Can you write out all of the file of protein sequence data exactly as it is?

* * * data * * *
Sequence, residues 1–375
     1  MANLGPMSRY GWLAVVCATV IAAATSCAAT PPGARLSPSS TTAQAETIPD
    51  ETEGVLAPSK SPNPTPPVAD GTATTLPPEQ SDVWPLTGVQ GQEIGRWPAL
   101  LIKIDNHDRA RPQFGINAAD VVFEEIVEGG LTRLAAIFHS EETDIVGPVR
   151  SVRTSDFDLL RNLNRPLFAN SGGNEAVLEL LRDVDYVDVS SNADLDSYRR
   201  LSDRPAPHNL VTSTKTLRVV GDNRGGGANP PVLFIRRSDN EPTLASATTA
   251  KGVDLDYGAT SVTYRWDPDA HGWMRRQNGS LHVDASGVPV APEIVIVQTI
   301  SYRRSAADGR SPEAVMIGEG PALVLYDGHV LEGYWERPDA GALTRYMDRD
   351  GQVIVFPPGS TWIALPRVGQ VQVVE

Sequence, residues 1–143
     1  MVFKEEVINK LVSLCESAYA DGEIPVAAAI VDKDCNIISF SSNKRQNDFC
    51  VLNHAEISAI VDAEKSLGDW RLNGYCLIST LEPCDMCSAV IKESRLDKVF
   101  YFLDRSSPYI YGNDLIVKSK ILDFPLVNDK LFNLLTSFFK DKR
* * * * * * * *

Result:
Sequence, residues 1–375
     1  MANLGPMSRY GWLAVVCATV IAAATSCAAT PPGARLSPSS TTAQAETIPD
    51  ETEGVLAPSK SPNPTPPVAD GTATTLPPEQ SDVWPLTGVQ GQEIGRWPAL
   101  LIKIDNHDRA RPQFGINAAD VVFEEIVEGG LTRLAAIFHS EETDIVGPVR
   151  SVRTSDFDLL RNLNRPLFAN SGGNEAVLEL LRDVDYVDVS SNADLDSYRR
   201  LSDRPAPHNL VTSTKTLRVV GDNRGGGANP PVLFIRRSDN EPTLASATTA
   251  KGVDLDYGAT SVTYRWDPDA HGWMRRQNGS LHVDASGVPV APEIVIVQTI
   301  SYRRSAADGR SPEAVMIGEG PALVLYDGHV LEGYWERPDA GALTRYMDRD
   351  GQVIVFPPGS TWIALPRVGQ VQVVE

Sequence, residues 1–143
     1  MVFKEEVINK LVSLCESAYA DGEIPVAAAI VDKDCNIISF SSNKRQNDFC
    51  VLNHAEISAI VDAEKSLGDW RLNGYCLIST LEPCDMCSAV IKESRLDKVF
   101  YFLDRSSPYI YGNDLIVKSK ILDFPLVNDK LFNLLTSFFK DKR